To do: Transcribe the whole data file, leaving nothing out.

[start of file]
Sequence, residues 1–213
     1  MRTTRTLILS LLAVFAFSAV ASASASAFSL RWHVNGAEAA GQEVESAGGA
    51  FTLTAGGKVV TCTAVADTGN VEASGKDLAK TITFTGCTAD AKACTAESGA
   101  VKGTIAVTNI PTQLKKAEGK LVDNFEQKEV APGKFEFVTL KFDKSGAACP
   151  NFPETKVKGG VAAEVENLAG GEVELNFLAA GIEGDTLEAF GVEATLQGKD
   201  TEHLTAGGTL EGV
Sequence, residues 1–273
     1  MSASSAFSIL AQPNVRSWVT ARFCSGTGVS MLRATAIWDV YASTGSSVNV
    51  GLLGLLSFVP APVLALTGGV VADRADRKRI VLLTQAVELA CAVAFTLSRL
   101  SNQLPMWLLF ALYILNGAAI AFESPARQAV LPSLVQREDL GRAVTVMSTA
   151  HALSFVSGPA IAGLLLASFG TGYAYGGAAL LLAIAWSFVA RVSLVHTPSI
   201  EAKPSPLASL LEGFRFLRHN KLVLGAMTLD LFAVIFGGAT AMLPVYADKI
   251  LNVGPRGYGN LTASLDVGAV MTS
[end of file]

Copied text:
Sequence, residues 1–213
     1  MRTTRTLILS LLAVFAFSAV ASASASAFSL RWHVNGAEAA GQEVESAGGA
    51  FTLTAGGKVV TCTAVADTGN VEASGKDLAK TITFTGCTAD AKACTAESGA
   101  VKGTIAVTNI PTQLKKAEGK LVDNFEQKEV APGKFEFVTL KFDKSGAACP
   151  NFPETKVKGG VAAEVENLAG GEVELNFLAA GIEGDTLEAF GVEATLQGKD
   201  TEHLTAGGTL EGV
Sequence, residues 1–273
     1  MSASSAFSIL AQPNVRSWVT ARFCSGTGVS MLRATAIWDV YASTGSSVNV
    51  GLLGLLSFVP APVLALTGGV VADRADRKRI VLLTQAVELA CAVAFTLSRL
   101  SNQLPMWLLF ALYILNGAAI AFESPARQAV LPSLVQREDL GRAVTVMSTA
   151  HALSFVSGPA IAGLLLASFG TGYAYGGAAL LLAIAWSFVA RVSLVHTPSI
   201  EAKPSPLASL LEGFRFLRHN KLVLGAMTLD LFAVIFGGAT AMLPVYADKI
   251  LNVGPRGYGN LTASLDVGAV MTS